There was a kind of looseness bordering on chaos in those early years, with filmmakers jamming as many elements in as they had time for (an approach still often in use in Bollywood). Broadway is a romantic comedy, a musical, a gangster film, a murder story, all revolving around the prickly relationship between performer/ choreographer Roy Lane (Glenn Tryon again) and Billie Moore (Merna Kennedy), the girl he loves with whom he’s been developing a new routine which he hopes will propel them to the big time … but until they make it, he refuses to declare his love. And meanwhile Billie is stepping out with slick gangster Steve Crandall (Robert Ellis), who obviously doesn’t have honourable intentions, but she’s attracted by his money and uses him to provoke a reaction from Roy.
As this triangle plays out, there’s a murder, a cop snooping around backstage, a chorus girl bent on revenge, and a series of big cabaret numbers which are filmed from that huge crane, the camera swooping around the multi-level set in defiance of the static dictates of early sound recording. Fejos, like the great directors who seized the new technology and incorporated it into their creative arsenal (Hitchcock, Lang, Mamoulian), shows that an inventive filmmaker remained master of the medium in spite of the fussy technicians who insisted that their concerns must now take precedence.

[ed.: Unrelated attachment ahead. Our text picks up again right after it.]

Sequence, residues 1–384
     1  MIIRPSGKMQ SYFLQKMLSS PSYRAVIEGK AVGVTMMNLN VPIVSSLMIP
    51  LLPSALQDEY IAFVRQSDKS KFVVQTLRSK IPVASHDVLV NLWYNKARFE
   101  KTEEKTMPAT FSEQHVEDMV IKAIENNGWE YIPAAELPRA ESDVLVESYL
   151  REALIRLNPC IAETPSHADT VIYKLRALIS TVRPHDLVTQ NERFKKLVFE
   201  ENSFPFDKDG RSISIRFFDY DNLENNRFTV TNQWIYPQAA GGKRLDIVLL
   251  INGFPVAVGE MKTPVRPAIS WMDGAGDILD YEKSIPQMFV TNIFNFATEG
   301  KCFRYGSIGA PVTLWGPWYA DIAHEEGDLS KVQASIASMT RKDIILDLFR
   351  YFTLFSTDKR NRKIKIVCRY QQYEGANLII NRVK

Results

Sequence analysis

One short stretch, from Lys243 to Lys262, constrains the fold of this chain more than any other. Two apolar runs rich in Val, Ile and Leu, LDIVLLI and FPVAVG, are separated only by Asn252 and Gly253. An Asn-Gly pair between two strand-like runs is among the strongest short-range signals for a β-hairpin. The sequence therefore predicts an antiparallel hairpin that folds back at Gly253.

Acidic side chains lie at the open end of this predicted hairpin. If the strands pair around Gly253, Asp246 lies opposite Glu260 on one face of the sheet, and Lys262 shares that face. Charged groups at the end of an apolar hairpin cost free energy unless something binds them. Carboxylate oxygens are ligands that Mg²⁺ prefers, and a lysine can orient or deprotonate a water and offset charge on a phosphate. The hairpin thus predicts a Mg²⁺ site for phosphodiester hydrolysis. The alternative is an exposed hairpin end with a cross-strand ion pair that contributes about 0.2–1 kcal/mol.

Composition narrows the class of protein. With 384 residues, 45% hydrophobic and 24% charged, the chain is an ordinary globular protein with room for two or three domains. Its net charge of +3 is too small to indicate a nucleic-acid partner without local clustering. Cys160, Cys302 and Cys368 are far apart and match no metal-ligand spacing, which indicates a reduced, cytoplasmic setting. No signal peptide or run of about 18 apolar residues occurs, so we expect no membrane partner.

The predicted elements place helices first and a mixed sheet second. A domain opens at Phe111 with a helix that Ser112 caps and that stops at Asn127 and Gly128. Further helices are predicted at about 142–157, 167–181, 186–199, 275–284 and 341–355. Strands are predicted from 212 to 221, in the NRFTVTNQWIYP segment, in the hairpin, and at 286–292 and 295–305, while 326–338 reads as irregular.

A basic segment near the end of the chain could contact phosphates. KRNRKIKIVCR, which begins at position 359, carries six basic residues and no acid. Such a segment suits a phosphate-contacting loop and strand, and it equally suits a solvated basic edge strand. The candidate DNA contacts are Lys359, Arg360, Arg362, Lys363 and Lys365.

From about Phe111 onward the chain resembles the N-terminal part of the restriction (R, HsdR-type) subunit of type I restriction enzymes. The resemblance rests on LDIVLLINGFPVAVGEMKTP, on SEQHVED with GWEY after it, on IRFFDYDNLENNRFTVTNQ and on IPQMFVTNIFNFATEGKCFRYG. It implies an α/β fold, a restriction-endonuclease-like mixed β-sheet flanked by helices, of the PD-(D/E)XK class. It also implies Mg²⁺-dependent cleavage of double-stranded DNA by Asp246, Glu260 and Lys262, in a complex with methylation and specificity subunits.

In addition to the arrival of sound, these films also illustrate the complicated advent of colour. Lonesome contains several instances of elaborate hand tinting – the Coney Island fair at night; the burning wheel of a roller-coaster car when its brakes fail; and that highly stylized second sound sequence in which the couple declare their feelings in what seems to be a strange space outside of time and separate from the quotidian world which the rest of the film inhabits. Even more elaborately in Broadway, the ending abruptly bursts out in bright two-strip Technicolor, adding a different kind of artifice from the expressionist sets in which the film plays out. In these two films, we can see Fejos pushing the medium towards its inevitable technical future.
In their edition of Lonesome, Criterion have provided not only three interesting, entertaining movies and a valuable introduction to their creator, Paul Fejos, but also a compact lesson in what happened during one of the most turbulent transitional periods in film history. This is the kind of thing disks were made for. Streaming lets you watch a movie on whatever screen you might want (phone, computer, HD TV), but it’s never likely to give you the kind of richness this one disk offers. And that’s why there’s going to be a market for these small shiny objects for some time to come.